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ASTROMOVES: Studying Astrophysicists' Careers and other Cultural Astronomy Topics

ASTROMOVES: Studying Astrophysicists' Careers and other Cultural Astronomy Topics

ASTROMOVES is funded by the European Union in the form of an Marie Skłodowska Curie Action Individual Fellowship. This blog shares research findings and discussions about ASTROMOVES, but also captures the other Cultural Astronomy research and activities of PI Jarita Holbrook. The reader may find here information about Astrophysics Culture, African Indigenous Astronomy, and Indigenous Astronomy in general.

ASTROMOVES: The Gendered Results

For the ASTROMOVES project, effort was made to include non-heterosexuals in order to include more gender categories. However, in the end, in order to protect the anonymity of the scientists only three broad gender categories were used: Heterosexual females, heterosexual males and LGBTQIA+ members. Having that third gender category is an achievement for a study of astrophysicists, but one can’t help but wonder how the gendered findings would shift as the numbers increase for various gender categories. Why are the three categories sex, sexuality and gender mixed together? During the interviews with the scientists they often conflated these together in their descriptions of themselves, thus they approved the three gender categories that are used. What about shifting gender identities? For the most part, the scientists gave their current identities. In two cases, the scientists did present their evolving gender identity from undergraduate to the present.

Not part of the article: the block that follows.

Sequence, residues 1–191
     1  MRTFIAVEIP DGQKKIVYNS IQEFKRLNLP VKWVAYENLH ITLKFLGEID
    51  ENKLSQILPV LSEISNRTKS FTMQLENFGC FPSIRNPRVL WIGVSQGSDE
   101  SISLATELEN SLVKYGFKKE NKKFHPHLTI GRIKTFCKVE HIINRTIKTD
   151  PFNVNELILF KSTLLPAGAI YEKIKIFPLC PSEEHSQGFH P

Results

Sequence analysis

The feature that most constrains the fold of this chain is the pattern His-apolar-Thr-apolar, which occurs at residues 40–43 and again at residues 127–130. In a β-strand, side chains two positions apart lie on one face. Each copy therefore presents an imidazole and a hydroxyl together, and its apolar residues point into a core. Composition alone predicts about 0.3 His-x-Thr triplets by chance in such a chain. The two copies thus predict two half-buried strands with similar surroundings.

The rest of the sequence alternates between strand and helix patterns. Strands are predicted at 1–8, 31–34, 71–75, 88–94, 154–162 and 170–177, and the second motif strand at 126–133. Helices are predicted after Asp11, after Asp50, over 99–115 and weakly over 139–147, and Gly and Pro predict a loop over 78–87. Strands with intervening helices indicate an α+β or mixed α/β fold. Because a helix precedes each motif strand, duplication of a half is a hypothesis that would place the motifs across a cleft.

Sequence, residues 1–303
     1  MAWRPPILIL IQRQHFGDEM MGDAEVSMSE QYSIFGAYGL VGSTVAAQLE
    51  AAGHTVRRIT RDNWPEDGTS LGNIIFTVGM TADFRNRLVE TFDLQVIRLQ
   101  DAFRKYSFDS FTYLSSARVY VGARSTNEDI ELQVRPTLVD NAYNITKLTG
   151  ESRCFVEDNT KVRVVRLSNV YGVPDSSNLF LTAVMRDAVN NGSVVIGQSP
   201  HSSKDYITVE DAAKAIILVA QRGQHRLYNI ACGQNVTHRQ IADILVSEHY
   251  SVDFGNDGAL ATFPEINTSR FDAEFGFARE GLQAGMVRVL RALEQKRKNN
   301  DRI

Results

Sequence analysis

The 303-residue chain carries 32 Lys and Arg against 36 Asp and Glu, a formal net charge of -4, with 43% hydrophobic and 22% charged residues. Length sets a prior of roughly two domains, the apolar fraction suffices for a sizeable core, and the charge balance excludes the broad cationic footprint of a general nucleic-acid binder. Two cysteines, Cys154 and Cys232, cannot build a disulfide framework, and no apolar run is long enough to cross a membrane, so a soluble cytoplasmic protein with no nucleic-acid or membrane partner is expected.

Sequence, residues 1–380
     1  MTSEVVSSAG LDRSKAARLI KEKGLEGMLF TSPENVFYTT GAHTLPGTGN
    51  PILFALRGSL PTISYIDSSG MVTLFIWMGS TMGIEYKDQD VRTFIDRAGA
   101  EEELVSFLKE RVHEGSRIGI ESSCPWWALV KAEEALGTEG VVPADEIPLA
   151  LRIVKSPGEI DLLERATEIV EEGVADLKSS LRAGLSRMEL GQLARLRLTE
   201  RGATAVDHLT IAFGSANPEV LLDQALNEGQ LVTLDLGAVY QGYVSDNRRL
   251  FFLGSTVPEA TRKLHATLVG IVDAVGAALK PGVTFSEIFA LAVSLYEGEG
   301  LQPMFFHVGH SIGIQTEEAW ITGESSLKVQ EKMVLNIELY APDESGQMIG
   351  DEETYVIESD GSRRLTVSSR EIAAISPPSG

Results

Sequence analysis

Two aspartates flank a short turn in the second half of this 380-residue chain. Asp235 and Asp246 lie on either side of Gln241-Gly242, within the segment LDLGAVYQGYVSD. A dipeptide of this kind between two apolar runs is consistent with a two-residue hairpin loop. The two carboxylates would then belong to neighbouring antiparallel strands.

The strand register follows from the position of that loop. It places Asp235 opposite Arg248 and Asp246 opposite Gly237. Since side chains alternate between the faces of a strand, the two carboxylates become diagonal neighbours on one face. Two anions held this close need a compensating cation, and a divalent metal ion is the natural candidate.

For the University of Edinburgh’s Gender.ED 2023 showcase, I made the following short film on some of the gendered results of the ASTROMOVES project:

Reiterating some of the findings:
LGBTQIA+ is the third gender/sexuality group with heterosexual males and heterosexual females being the other two. This group name was decided through conversations with the non-heterosexual people that were interviewed for ASTROMOVES. In general, the scientists mix or combine gender/sexuality when they spoke about their identities, thus the third group conforms to that cultural practice. It is unusual but becoming more standard to have more gender/sexuality identities represented in research studies.

In terms of ethnic/racial diversity the scientists interviewed represent broad heritage from Africa, Asia, Europe, the Middle East but no Pacific Islanders, and no First Nation from Australia or the Americas.

Females were more likely to have been unemployed since obtaining their doctorates. The heterosexual males were the least likely to have been unemployed at only 2 of the 18 scientists interviewed.

Maternity policies vary by country, for example Slovakia has 3 years of funded maternity years, Sweden has 1 – 1.5 years.

There are many negative emotions that people associate with having to move so ofter to maintain a career in astrophysics and adjacent sciences. In the example presented is loneliness.

Intersectional identity can play a role in job decision making.

In many STEM disciplines, impostor syndrome is associated with females. However, in astrophysics both males and females are vocal about struggling with impostor syndrome.

COVID was an unexpected part of the ASTROMOVES study. The scientists most impacted by COVID were those that sheltered alone. Those that had families with young children spoke at length about having to adjust to balancing family time and work time. However, unlike other studies, both males and females spoke of this struggle.


“Jarita Holbrook, dir. 2023. ASTROMOVES: The Gendered Results. H264. Documentary.”

When quoting, also include the name of the scientist that you are quoting, for example:
“Tana Joseph in Jarita Holbrook, dir. 2023. ASTROMOVES: The Gendered Results. H264. Documentary.”


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